Tallahassee through time weaves a fascinating  tapestry of politics and cultures, agriculture and innovation, higher education and religion, and liberty and justice. You don’t have to be a history buff to experience and appreciate the depth and diversity of Tallahassee’s history and heritage.

Native Americans inhabited the Tallahassee area, as they did much of Florida, for more than 12,000 years. This area, then known as “Anhaica”, was the principle village of the Apalachee Indians. Evidence of this ancient culture can be found today at Lake Jackson Mounds State Archaeological Site and at the nearby Letchworth-Love Mounds State Park.

In 1539, Spanish explorer Hernando de Soto arrived in “Anhaica” with his expedition after traveling up the state from the Tampa Bay area, setting up camp here through winter. The de Soto encampment was the site of the first North American Christmas celebration and is now the northern-most trailhead along the new Florida DeSoto Trail marking de soto’s exploration in Florida.

More Spanish explorers arrived during the 1500-1500s in search of gold. Naturally they didn’t find any but they did begin setting up more than 25 missions throughout North Central Florida. Missions played an important role in the settlement of Spanish America and Mission San Luis was the western capital, located on one of the region’s highest hilltops. Today, visitors can explore the Mission San Luis where costumed interpreters reenact life as depicted in the 1600s.

After Florida became a territory of the United States in 1822, both St. Augustine and Pensacola competed to become the State Capital. Unable to come to an agreement, it was decided to locate the Capital at a point between the two cities. Tallahassee’s beauty attracted the search party and in 1824 the City of Tallahassee was created with a log cabin as the first Capitol Building. Step back in time with a visit to the Historic Capitol of Florida, originally built in 1845.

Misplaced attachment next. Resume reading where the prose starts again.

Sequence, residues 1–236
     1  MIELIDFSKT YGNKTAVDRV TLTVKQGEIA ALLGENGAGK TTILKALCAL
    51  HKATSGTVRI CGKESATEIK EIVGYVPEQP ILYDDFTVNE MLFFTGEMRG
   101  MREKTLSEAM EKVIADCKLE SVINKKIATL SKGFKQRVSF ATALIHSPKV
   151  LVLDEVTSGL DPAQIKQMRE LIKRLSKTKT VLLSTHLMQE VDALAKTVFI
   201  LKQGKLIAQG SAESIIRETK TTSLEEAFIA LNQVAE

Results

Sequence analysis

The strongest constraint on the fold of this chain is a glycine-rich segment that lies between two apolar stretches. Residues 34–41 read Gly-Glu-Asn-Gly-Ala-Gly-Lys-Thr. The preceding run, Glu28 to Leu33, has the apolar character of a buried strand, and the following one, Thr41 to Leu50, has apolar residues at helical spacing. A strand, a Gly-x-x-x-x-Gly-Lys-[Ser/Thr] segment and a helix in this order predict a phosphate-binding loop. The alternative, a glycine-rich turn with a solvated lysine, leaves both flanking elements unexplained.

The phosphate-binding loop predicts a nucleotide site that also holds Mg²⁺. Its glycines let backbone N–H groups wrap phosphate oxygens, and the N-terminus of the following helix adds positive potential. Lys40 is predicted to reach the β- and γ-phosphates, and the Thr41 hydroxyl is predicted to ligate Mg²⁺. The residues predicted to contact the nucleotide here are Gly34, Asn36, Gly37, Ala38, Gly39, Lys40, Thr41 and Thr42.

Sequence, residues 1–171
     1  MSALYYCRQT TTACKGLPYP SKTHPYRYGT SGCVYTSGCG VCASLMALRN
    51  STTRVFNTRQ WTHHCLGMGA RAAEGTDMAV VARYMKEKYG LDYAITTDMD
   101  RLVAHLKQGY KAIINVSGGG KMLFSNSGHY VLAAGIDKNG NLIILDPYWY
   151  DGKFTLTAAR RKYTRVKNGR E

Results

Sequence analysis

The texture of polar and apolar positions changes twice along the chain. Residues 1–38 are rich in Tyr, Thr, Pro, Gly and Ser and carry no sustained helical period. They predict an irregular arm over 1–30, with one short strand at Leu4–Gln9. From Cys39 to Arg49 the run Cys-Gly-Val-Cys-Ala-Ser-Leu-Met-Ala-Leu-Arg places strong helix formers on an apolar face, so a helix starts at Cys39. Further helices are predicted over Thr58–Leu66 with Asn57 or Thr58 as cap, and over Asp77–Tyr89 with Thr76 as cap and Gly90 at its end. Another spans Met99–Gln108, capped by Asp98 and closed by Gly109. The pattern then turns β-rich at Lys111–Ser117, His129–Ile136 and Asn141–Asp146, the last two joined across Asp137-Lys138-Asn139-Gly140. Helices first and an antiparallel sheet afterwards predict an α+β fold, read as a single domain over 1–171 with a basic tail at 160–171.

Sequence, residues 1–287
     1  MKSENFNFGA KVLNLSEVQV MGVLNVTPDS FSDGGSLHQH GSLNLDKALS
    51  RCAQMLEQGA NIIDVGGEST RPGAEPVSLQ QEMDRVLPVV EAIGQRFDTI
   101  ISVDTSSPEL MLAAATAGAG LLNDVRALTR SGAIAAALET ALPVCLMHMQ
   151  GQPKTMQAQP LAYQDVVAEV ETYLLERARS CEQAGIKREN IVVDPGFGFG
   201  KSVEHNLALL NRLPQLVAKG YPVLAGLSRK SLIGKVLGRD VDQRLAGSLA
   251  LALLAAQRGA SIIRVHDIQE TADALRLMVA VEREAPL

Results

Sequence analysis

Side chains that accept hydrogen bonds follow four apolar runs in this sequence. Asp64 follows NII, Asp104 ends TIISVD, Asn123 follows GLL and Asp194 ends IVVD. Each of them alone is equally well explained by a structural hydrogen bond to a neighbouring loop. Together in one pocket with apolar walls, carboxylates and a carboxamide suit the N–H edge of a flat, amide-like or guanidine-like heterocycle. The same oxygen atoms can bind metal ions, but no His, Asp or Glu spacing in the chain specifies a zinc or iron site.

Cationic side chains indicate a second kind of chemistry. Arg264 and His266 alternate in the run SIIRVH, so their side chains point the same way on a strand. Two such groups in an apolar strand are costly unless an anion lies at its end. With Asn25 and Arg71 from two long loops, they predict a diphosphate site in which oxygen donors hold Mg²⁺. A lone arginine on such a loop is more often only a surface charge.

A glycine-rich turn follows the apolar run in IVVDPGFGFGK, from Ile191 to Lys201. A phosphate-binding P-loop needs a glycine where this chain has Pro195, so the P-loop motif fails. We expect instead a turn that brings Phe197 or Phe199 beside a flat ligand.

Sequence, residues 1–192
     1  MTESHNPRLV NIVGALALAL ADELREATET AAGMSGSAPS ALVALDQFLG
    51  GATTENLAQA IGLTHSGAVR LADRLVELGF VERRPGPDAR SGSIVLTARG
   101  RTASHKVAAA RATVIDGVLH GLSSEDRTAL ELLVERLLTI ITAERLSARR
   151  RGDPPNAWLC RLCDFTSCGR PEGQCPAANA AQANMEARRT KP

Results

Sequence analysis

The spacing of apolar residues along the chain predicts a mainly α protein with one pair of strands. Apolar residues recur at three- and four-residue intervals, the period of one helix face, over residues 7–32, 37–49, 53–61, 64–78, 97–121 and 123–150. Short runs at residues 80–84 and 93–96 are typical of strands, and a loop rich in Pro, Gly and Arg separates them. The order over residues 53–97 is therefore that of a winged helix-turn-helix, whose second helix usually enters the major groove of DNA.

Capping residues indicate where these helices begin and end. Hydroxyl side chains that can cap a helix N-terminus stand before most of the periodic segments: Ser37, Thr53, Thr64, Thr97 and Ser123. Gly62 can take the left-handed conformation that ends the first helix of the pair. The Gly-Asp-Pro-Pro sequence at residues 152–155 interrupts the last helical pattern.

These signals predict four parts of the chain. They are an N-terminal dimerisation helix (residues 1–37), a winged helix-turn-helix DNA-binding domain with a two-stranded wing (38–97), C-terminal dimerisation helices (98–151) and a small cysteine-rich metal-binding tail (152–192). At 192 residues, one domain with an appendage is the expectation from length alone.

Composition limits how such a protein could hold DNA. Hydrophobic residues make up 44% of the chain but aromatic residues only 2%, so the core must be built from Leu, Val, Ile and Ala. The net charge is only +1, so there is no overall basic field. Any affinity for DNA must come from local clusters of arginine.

The Tallahassee area, also known as “the red hills” region, was a land of rich agricultural value and consequently many large plantations were built with crops primary of cotton, corn and sweet potatoes. In fact, America’s largest concentration of original plantations — 71 plantations, 300,000 acres  — exists between Tallahassee and Thomasville, Georgia, just 28 miles away, and several are open to the public.

During the Civil War a small battle was waged at Natural Bridge, south of Tallahassee, where a makeshift army of locals fought off an attack by Union troops. Tallahassee was the only Confederate city east of the Mississippi that did not fall to Union troops. Put on your walking shoes to explore three historic districts, Downtown, the Park Avenue National Register Historic District, and the Calhoun Street National Register Historic District and stroll back in time to catch a glimpse of Territorial life, antebellum homes, picturesque churches, the emancipation of slaves, and influential Florida governors.

Higher learning has long been a jewel in the crown of Tallahassee. Florida State University (FSU) had its early beginning in 1851, became Florida State College for Women in 1909 and finally Florida State University, again co-ed, in 1947. Established in 1887 as the Florida State Normal College for Colored Students, Florida Agricultural and Mechanical University (FAMU) is the oldest historically black public university in Florida.

Discover the energy, depth and richness of the African American experience in Tallahassee. Momentous events such as the 1865 reading of the Emancipation Proclamation on the front steps of the Knott House and the 1956 bus boycott that resulted in the abolishment of segregated seating on public transportation are of state and national significance. The John G. Riley Museum of African American History & Culture and the Southeastern Regional Black Archives Research Center & Museums at FAMU are must-visits. Feel the pulse on FAMUs campus and in traditional neighborhoods like Frenchtown.

Today, Tallahassee boasts diverse heritage and is flourishing with many cultures, rythms and flavors. Museums, festivals, cuisine, arts and crafts, and year-round events honor and celebrate adiversity of heritage in the Tallahassee area. Florida’s Capital City played a big role in the story of Florida and in American history and we are still making history today.